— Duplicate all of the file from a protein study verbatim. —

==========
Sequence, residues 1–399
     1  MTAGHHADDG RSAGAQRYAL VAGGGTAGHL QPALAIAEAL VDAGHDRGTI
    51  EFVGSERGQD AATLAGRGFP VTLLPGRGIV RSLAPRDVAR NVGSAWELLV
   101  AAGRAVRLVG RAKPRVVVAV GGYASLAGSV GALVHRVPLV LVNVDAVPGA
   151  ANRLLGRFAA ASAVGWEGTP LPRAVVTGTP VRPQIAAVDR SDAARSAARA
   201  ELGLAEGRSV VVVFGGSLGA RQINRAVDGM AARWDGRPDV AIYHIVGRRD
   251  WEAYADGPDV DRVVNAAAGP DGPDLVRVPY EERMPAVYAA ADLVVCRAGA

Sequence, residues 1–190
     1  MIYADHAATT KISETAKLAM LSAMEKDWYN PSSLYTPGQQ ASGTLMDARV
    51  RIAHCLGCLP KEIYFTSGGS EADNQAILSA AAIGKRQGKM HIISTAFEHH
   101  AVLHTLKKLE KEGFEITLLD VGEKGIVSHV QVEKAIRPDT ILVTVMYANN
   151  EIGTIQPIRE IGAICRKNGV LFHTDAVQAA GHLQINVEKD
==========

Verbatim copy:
Sequence, residues 1–399
     1  MTAGHHADDG RSAGAQRYAL VAGGGTAGHL QPALAIAEAL VDAGHDRGTI
    51  EFVGSERGQD AATLAGRGFP VTLLPGRGIV RSLAPRDVAR NVGSAWELLV
   101  AAGRAVRLVG RAKPRVVVAV GGYASLAGSV GALVHRVPLV LVNVDAVPGA
   151  ANRLLGRFAA ASAVGWEGTP LPRAVVTGTP VRPQIAAVDR SDAARSAARA
   201  ELGLAEGRSV VVVFGGSLGA RQINRAVDGM AARWDGRPDV AIYHIVGRRD
   251  WEAYADGPDV DRVVNAAAGP DGPDLVRVPY EERMPAVYAA ADLVVCRAGA

Sequence, residues 1–190
     1  MIYADHAATT KISETAKLAM LSAMEKDWYN PSSLYTPGQQ ASGTLMDARV
    51  RIAHCLGCLP KEIYFTSGGS EADNQAILSA AAIGKRQGKM HIISTAFEHH
   101  AVLHTLKKLE KEGFEITLLD VGEKGIVSHV QVEKAIRPDT ILVTVMYANN
   151  EIGTIQPIRE IGAICRKNGV LFHTDAVQAA GHLQINVEKD